cover image Hausfrau


Jill Alexander Essbaum. Random, $26 (336p) ISBN 978-0-8129-9753-8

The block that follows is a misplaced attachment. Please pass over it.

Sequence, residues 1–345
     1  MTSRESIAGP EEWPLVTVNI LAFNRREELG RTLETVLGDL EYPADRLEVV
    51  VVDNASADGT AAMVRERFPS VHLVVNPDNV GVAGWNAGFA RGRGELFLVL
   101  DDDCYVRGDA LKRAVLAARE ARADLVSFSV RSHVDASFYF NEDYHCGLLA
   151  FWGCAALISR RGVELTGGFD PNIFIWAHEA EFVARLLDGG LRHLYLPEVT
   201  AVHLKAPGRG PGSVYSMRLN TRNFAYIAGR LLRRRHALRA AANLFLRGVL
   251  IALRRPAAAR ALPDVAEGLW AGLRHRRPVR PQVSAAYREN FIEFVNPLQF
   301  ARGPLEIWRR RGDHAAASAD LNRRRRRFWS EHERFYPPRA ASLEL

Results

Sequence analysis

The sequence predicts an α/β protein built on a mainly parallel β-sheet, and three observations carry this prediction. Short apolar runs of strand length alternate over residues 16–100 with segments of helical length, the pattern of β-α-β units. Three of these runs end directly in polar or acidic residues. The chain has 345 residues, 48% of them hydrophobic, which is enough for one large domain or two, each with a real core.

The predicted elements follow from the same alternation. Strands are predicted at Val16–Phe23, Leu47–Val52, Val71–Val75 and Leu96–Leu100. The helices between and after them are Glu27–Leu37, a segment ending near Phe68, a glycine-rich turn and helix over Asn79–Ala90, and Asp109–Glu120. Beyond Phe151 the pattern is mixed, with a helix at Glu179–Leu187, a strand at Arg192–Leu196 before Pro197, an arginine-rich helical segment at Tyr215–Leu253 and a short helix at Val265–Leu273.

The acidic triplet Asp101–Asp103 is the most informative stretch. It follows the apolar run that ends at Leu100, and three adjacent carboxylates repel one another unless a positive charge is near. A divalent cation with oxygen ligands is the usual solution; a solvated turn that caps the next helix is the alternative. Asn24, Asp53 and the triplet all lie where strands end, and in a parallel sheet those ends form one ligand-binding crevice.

Over a century after the publication of Madame Bovary and Anna Karenina, poet Essbaum proves in her debut novel that there is still plenty of psychic territory to cover in the story of “a good wife, mostly.” But now, more than ever, it is clear that the conflict between the protagonist’s desires and her “tightly circumscribed” world is her own doing, and not a result of social limitations. Anna Benz is an American expatriate and mother of three, married to Bruno, a Swiss banker. In her nine years of living in a tidy suburb of Zurich, Anna (whose name is a Tolstoy nod) has never gotten a driver’s license, befriended other mothers, or learned Swiss German, the form of German spoken in Switzerland. Essbaum’s story opens as Anna attempts to break through her ennui and engage with the world. She starts a course of Jungian analysis with the inimitable Doktor Messerli and finally enrolls in language classes. Still, she’s drawn into a number of extramarital affairs that skirt the line between passion and passivity. In Essbaum’s capable hands, Anna invites the reader’s empathy rather than scorn. The realism of Anna’s dilemmas and the precise construction of the novel are marvels of the form, and Essbaum chooses her words carefully. When her teacher lectures her on verb tenses, Anna wonders, “But how often is the past simple? Is the present ever perfect?” This novel is masterly as it moves toward its own inescapable ending, and Anna is likely to provoke strong feelings in readers well after the final page. (Mar.)